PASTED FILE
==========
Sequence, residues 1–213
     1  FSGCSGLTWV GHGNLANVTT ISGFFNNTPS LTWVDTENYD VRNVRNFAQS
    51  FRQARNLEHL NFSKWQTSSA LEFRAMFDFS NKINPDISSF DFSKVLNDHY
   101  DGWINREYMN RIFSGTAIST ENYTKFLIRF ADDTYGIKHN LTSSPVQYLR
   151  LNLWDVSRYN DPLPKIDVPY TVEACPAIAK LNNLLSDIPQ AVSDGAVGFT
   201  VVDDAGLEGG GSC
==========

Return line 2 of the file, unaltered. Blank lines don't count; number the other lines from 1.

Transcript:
     1  FSGCSGLTWV GHGNLANVTT ISGFFNNTPS LTWVDTENYD VRNVRNFAQS